This is TELL ME MORE from NPR News. I'm Michel Martin. It's been 50 years since President Lyndon Johnson declared a war on poverty so all this year we've been looking at poverty here in the U.S. We've been talking about strategies to end poverty, what's worked, what hasn't and what's on the table because according to the U.S. Census, the rate of poverty seems to be stuck at 15 percent. That's about 46 million people.
Originally published on Wed February 12, 2014 1:46 pm
As folks in the Deep South, Mid-Atlantic and Northeast deal with yet another severe storm that's bringing rain, ice, sleet, snow or some combination of all those, let's see if we can help each other out.
Originally published on Wed February 12, 2014 5:11 pm
Fifteen years ago an unwelcome viral visitor entered the U.S., and we've been paying for it ever since.
The U.S recorded its first case of West Nile virus back in 1999. Since then, the disease has spread across the lower 48 states and cost the country around $800 million, scientists reported this week in the American Journal of Tropical Medicine and Hygiene.
This week Belgium is expected to become the first country in the world to allow terminally ill children to choose euthanasia.
Belgium legalized euthanasia in 2002 for those 18 and over, and the number of adults choosing a doctor-assisted death has been rising annually, reaching 1,432 in 2012.
But a bill before Parliament would lift age restrictions and allow terminally ill children to ask to be euthanized if they are in unbearable pain and treatment options are exhausted. In addition, their parents and medical team would have to agree.
Originally published on Wed February 12, 2014 10:35 am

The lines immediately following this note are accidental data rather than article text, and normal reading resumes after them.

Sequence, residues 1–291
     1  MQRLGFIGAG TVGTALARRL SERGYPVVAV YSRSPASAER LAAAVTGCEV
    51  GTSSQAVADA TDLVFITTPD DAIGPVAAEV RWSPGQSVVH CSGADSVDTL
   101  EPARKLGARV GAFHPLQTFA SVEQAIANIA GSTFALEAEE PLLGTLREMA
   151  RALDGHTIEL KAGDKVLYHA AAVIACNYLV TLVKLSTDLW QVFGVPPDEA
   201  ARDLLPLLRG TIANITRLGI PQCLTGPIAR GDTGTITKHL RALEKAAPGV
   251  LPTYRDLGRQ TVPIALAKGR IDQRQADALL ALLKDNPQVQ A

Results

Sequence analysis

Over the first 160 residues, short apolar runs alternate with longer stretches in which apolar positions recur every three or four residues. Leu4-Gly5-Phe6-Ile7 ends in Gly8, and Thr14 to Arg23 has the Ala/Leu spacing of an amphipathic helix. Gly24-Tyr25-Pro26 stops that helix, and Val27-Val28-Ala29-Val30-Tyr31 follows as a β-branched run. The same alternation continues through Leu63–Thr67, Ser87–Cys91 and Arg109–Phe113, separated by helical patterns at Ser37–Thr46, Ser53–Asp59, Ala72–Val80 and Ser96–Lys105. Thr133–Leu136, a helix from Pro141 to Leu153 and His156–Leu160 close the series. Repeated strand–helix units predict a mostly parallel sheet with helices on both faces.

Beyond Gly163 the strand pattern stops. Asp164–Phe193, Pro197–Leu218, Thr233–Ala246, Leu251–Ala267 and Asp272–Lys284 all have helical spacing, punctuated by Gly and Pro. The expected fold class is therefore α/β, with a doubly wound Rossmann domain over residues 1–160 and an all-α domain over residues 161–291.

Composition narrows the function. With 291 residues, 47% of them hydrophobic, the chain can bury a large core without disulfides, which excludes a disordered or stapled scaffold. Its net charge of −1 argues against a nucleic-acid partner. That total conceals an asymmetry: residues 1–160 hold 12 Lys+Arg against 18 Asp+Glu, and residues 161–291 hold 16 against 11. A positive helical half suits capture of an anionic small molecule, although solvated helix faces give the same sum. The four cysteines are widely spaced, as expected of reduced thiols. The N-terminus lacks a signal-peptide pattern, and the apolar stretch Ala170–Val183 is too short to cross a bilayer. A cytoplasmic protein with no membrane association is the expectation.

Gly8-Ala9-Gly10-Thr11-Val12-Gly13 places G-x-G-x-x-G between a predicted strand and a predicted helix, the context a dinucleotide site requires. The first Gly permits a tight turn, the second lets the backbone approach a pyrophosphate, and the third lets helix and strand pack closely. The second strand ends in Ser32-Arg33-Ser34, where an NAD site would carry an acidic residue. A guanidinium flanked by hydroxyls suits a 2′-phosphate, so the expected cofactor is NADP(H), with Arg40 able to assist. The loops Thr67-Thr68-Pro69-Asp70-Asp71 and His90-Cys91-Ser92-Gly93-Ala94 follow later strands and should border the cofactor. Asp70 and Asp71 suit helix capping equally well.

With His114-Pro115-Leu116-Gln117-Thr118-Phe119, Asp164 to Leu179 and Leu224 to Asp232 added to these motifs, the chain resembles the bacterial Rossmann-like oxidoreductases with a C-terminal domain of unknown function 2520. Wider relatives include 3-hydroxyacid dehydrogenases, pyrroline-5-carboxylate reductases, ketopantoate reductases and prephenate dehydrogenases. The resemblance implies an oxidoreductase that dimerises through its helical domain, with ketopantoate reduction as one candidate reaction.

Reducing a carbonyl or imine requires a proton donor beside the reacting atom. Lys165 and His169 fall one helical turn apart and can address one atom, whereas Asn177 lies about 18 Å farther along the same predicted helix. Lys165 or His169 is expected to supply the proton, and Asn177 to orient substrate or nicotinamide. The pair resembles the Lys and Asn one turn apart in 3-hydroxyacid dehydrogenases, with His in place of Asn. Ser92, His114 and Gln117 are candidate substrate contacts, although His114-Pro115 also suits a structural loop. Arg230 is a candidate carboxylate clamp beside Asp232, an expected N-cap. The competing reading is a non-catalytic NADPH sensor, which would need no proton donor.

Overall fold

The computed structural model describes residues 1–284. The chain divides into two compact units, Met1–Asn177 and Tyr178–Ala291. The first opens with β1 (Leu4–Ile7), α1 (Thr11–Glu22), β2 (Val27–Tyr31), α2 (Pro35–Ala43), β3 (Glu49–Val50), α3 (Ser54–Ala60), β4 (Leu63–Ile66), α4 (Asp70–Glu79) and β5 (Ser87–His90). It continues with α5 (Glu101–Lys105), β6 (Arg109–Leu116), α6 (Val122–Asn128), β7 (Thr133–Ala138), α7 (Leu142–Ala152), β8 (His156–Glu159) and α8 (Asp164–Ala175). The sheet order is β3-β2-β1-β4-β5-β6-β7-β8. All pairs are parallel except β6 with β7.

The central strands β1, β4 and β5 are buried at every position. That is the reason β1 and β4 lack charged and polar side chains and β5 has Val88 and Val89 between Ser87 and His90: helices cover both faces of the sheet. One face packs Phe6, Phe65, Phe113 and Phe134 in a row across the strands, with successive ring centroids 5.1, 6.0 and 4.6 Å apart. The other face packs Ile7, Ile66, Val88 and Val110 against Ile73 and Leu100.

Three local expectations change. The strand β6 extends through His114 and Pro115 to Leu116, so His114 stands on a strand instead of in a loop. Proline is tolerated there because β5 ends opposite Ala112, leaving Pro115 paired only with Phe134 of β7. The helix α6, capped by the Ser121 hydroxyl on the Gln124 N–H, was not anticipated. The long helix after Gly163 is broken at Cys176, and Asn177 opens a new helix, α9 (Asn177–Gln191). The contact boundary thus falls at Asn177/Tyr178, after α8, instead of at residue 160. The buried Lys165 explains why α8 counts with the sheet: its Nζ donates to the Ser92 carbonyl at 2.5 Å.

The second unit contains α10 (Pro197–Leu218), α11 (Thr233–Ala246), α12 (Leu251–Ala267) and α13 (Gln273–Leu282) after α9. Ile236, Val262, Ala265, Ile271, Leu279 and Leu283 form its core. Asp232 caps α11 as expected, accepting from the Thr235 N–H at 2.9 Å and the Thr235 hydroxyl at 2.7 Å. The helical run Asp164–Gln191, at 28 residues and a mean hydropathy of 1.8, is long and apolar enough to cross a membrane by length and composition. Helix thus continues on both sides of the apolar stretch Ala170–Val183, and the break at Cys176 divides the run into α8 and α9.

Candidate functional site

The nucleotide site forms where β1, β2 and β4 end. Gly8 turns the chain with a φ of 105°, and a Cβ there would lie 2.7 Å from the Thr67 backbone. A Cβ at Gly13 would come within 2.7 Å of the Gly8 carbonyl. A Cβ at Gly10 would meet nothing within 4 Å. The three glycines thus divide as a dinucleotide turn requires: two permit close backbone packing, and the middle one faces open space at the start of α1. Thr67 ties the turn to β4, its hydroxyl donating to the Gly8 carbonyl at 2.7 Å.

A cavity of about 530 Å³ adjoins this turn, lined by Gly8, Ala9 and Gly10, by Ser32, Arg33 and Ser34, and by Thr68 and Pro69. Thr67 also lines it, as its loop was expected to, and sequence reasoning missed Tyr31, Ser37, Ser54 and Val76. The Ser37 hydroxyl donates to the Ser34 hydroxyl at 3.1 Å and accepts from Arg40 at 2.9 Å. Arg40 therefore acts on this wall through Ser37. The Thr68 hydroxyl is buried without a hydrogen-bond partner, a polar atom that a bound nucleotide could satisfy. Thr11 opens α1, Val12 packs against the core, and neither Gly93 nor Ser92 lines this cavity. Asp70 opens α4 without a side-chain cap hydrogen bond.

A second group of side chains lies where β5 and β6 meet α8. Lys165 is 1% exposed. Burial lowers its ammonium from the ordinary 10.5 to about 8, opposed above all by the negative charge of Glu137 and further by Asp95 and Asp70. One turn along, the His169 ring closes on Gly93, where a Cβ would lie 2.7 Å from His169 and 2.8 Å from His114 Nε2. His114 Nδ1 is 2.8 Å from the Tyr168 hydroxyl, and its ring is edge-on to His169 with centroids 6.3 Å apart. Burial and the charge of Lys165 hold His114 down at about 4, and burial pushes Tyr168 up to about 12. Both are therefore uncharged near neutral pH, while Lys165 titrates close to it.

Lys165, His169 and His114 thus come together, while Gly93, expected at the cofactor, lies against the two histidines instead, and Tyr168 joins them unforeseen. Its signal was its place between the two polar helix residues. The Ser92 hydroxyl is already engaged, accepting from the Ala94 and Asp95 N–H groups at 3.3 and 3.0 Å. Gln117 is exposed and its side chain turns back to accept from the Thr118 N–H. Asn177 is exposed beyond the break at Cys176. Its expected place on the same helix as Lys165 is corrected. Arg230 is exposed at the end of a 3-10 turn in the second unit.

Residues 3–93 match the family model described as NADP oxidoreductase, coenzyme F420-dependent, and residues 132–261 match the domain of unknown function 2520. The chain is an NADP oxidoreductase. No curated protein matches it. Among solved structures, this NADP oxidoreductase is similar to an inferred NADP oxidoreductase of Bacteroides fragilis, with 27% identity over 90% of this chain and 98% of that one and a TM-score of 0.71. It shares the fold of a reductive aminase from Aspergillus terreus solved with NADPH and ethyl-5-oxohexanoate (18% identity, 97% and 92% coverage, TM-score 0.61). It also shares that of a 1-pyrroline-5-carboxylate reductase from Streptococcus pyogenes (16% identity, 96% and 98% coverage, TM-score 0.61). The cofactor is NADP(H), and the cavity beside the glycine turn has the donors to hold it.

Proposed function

Six months after Democratic Mayor Bob Filner left office in disgrace because more than a dozen women had stepped forward to accuse him of sexual harassment, San Diegans have chosen a Republican to take over.
Originally published on Wed February 12, 2014 7:24 pm
(Click here to jump to a quick look at the latest news about the storm.)
As a wicked storm of ice and snow spreads over parts of Alabama, Georgia and the Carolinas and heads toward the Mid-Atlantic and Northeast, the National Weather Service is again warning that it's getting ugly out there.
Imagine living in China and missing Chinese food. It happens. American expatriates who grew up with popular takeout dishes like General Tso's chicken can't find it in China because it essentially doesn't exist here.
Much of the Chinese food we grew up with isn't really Chinese. It's an American version of Chinese food. Chinese immigrants created it over time, adapting recipes with U.S. ingredients to appeal to American palates.
Snowboarders have a new set of heroes who are not American. Last night, at the snowboard halfpipe event in Sochi, not a single member of Team USA was on the podium. The winners were Swiss and Japanese. Maybe the biggest disappointment was the fourth place finish by Shaun White. He's the American who, for years, has been the focal point of snowboarding's rise in popularity.
NPR's Robert Smith was there and tells us what it means for the sport.
And when it comes to hiring pastors and teachers, religious organizations - churches and schools - are exempt from most laws against discriminating and employment. Now a lawsuit in Massachusetts aims to clarify how much leeway those institutions have. For example, can they discriminate against people in same-sex marriages for non-religious jobs like gym teacher or cafeteria worker? NPR's Tovia Smith reports.
TOVIA SMITH, BYLINE: Matthew Barrett thought he'd scored his dream job when he was hired to be the boss of a school cafeteria.